The Future Is Now: Giorgio Moroder Predicted Today's Pop Music 40 Years Ago

The iconic producer introduced electronic music to pop radio and soundtracked your favorite ’80s movies. At age 75, he’s back and finally feeling the love.


Synthesizers pump through the heart of contemporary pop music, but in the early ’70s, machine-made music seemed like a sci-fi fantasy. That is, until 1976, when disco queen Donna Summer recorded her single “I Feel Love,” a worldwide smash hit composed by producer Giorgio Moroder using Moog synths. It was disco that sounded like it was from the future. Today, it’s seen as the big bang of modern music: the birth of synthpop, EDM, and all of today’s electro-infused genres.

Before evolving the global disco scene, the Italian-born Moroder made his name in German pop music. After his breakthrough, he moved to Hollywood and scored some of the biggest films of the 1980s, including Scarface, Flashdance, Top Gun, and The Never Ending Story, racking up Oscars like Meryl Streep along the way. Moroder’s innovation opened the door for a generation of electronic producers and pop impresarios—from Trent Reznor to Pharrell Williams—to score major Hollywood films.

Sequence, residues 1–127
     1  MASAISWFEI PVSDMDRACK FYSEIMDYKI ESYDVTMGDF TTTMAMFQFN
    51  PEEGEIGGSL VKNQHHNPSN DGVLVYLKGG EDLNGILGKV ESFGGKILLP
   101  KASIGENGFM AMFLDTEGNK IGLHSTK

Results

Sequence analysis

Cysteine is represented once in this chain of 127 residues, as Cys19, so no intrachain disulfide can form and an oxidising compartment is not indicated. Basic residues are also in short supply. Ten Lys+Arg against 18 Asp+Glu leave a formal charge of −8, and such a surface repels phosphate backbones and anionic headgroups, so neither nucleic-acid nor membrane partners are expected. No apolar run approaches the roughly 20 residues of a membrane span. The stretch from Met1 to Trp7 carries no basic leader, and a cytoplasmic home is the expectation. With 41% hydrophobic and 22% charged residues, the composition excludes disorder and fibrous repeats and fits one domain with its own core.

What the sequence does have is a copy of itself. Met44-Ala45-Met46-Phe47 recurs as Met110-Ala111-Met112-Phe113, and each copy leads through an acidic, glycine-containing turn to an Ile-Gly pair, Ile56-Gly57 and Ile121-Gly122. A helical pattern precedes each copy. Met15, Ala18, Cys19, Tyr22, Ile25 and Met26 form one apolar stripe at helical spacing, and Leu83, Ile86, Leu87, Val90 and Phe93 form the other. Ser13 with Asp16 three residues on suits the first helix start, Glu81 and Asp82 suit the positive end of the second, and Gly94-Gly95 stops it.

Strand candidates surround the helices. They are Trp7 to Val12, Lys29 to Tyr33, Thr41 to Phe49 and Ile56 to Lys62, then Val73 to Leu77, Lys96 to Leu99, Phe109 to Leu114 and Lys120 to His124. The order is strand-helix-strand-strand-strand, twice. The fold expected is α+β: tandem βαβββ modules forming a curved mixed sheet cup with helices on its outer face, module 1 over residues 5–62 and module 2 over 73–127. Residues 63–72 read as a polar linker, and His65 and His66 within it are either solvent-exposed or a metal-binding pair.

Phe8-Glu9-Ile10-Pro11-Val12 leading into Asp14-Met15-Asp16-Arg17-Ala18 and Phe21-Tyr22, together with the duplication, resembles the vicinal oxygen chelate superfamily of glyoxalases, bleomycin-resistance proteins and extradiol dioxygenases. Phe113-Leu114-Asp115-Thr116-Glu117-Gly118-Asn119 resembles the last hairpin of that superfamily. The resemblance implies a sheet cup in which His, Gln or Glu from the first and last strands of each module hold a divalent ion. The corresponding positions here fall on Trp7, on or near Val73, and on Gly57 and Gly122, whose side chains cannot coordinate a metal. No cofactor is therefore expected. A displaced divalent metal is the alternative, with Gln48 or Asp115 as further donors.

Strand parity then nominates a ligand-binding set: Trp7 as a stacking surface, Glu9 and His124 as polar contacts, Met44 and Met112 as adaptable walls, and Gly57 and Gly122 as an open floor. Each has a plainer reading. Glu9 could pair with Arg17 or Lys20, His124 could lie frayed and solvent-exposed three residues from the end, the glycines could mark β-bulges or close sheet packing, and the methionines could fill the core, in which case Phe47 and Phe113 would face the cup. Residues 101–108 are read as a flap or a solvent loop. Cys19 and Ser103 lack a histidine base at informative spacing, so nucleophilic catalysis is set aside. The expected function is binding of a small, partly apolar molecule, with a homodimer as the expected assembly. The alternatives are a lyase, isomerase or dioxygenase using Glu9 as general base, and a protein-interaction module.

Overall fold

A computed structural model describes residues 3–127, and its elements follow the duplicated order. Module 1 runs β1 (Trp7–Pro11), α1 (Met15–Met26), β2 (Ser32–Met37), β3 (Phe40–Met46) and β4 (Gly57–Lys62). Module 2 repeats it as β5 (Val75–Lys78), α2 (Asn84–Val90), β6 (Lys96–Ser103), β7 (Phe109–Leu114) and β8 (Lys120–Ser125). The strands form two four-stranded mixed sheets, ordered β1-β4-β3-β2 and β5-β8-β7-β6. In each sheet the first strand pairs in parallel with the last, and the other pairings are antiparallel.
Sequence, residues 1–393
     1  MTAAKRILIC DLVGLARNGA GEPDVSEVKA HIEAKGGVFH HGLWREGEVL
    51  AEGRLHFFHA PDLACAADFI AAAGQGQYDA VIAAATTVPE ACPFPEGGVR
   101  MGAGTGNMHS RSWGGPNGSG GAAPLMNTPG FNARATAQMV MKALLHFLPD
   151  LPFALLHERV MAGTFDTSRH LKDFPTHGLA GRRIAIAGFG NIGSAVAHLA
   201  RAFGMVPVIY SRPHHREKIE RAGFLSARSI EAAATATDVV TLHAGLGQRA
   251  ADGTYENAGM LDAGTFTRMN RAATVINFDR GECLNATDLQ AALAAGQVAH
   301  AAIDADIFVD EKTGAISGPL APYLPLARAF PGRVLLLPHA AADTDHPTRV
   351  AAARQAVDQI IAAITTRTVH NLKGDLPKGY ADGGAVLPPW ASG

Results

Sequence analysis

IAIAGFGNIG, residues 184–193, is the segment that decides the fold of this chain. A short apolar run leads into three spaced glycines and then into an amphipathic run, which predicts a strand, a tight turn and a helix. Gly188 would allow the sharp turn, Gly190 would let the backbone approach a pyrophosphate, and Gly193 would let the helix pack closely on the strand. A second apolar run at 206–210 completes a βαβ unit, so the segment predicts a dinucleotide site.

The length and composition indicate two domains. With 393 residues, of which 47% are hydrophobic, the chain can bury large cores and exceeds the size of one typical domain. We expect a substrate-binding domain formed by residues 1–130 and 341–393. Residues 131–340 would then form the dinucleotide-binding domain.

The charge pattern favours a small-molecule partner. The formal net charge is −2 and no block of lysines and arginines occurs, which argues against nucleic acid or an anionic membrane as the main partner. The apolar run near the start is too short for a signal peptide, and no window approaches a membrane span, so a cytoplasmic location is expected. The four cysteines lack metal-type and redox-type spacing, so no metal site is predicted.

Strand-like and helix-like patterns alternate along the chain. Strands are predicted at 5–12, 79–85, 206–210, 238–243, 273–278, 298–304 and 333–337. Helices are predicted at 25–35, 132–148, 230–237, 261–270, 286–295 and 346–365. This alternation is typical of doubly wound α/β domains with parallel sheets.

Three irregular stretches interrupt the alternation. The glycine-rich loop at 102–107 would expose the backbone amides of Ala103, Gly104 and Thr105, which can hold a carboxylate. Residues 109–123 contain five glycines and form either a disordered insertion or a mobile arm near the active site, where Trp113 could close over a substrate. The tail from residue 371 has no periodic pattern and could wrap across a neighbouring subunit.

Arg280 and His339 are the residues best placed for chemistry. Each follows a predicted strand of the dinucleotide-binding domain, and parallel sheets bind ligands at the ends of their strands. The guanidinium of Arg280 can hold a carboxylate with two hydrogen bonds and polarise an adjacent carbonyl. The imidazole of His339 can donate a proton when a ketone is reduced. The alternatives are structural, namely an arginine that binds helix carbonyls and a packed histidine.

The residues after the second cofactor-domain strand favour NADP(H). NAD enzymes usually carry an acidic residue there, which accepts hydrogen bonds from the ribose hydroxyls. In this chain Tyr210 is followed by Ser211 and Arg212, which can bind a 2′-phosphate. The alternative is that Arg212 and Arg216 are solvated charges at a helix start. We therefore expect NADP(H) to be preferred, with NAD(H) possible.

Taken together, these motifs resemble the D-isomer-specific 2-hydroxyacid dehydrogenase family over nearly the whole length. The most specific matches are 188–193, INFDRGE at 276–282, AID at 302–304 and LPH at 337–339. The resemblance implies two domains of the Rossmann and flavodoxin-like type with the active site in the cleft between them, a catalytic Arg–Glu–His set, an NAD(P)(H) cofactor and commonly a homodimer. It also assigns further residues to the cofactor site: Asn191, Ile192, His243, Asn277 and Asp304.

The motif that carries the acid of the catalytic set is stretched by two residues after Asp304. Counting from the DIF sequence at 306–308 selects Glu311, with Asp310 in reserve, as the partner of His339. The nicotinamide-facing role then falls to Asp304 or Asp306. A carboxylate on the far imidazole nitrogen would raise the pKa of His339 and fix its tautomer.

After retiring from public life in the early ’90s, Moroder reemerged in 2013 on Daft Punk’s Grammy-winning album Random Access Memories, where the group acknowledged him as a major influence on the song “Giorgio by Moroder.” Since then, he’s been DJing stadiums and clubs around the world while recording Déjà Vu, his first album in 30 years, with an all-star cast of collaborators, including Britney Spears, Sia, Charli XCX, and Kylie Minogue. With plans to work on Lady Gaga and Lana Del Rey’s next albums, it’s clear that Moroder still has a finger on the pulse and an eye on the horizon.

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